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Module Version: 0.07   Source   Latest Release: i18n-0.10

NAME ^

i18n - Perl Internationalization Pragma

VERSION ^

This document describes version 0.07 of i18n, released November 4, 2004.

SYNOPSIS ^

In one-liners:

    % export LANG=sp
    % perl -Mi18n=/path/to/po-files/ -le 'print ~~"Hello, world"';
    Hola, mundo

In your module:

    use i18n "/path/to/po-files";
    my $place = ~~'world';
    print ~~"Hello, $world";

DESCRIPTION ^

Internationalization (abbreviated i18n) is the process of designing an application so that it can be adapted to various languages and regions. The most basic task is to let your program know which strings are meant for human consumption and which strings are intended for the computer.

Strings for humans need to get localized (translated to the language of the human using your program) and strings for computers must not get translated.

Syntax

The i18n module gives you a remarkably simple way to mark strings that are intended for humans. All you do is put two tilde signs (~~) in front of every string that is intended to be translated. That's it. All the other details of localization are handled outside the program. Here are some examples:

    my $str1 = ~~'The time is now';
    my $str2 = ~~"$str1 for having a cow";
    my $str3 = ~~qq{Wow! $str2};
    my $str4 = ~~<<END;
    How now.
    Brown cow.
    END

Think of the tilde signs as an indicator that you are looking for things that approximates the string in the user's language. To turn off the magic of ~~ lexically, just say:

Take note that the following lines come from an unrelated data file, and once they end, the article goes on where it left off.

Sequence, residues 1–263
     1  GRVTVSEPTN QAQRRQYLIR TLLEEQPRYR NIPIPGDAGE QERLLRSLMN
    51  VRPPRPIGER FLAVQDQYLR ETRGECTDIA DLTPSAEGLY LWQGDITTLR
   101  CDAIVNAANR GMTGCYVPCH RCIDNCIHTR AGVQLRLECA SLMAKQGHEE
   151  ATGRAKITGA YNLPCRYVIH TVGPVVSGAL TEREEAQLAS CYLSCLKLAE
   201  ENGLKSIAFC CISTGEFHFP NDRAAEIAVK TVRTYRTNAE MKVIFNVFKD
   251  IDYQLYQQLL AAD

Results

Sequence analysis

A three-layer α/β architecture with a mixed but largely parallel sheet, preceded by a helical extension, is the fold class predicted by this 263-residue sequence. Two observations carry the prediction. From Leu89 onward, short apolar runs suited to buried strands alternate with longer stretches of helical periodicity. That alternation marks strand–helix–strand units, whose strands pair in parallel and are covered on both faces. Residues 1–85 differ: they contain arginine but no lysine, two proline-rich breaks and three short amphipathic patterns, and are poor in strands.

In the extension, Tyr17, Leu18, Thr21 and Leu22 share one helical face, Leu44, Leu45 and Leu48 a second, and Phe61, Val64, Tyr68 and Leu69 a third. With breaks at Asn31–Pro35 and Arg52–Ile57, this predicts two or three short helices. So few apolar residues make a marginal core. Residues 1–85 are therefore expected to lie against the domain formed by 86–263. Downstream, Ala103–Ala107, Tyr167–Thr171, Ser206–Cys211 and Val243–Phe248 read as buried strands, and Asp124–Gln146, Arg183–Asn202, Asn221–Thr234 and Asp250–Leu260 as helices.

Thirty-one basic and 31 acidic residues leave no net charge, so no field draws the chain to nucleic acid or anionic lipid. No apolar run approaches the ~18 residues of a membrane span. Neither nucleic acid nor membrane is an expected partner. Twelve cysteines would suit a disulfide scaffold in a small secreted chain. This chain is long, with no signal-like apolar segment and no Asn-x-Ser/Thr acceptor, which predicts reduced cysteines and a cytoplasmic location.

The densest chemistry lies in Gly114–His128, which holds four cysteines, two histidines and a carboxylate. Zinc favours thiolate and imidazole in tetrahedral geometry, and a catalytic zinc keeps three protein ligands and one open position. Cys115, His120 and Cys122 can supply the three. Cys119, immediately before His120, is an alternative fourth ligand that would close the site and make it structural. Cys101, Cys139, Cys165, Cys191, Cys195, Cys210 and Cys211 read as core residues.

no i18n;

One nice thing about this particular markup, is that you can completely turn off internationalization, by simply removing the use i18n; statement. The ~~ signs are actually valid Perl that just happen to not do anything in this context, and thus are constant-optimized away at compile time.

Implementation

When you say:

    my $string = ~~"Bob is your uncle";

then $string really is an i18n::string object that is overloaded to stringify as a localized translation.

Currently, the magic is just a thin wrapper on Locale::Maketext::Simple, which makes it equivalent to this call:

    my $string = loc("Bob is your uncle");

Similarly, this line:

    my $string = ~~"$person is your uncle";

will be turned into this at runtime:

    my $string = loc("[_1] is your uncle", $person);

CAVEATS ^

The authors of this module are not linguists. If you would like to help us define suitable i18n magic for your language, please send us an email.

One thing we plan to do next is to provide collaborative, just-in-time lexicon creation tools. So Joe American could write his wonderful Perl script in English, with the appropriate ~~ notation, and 24 hours later it would "just work" in Swahili.

SEE ALSO ^

Locale::Maketext::Simple, Locale::Maketext::Lexicon

AUTHORS ^

Autrijus Tang <autrijus@autrijus.org>, Brian Ingerson <INGY@cpan.org>.

COPYRIGHT ^

Copyright 2004 by Autrijus Tang <autrijus@autrijus.org>, Brian Ingerson <INGY@cpan.org>.

This program is free software; you can redistribute it and/or modify it under the same terms as Perl itself.

See http://www.perl.com/perl/misc/Artistic.html

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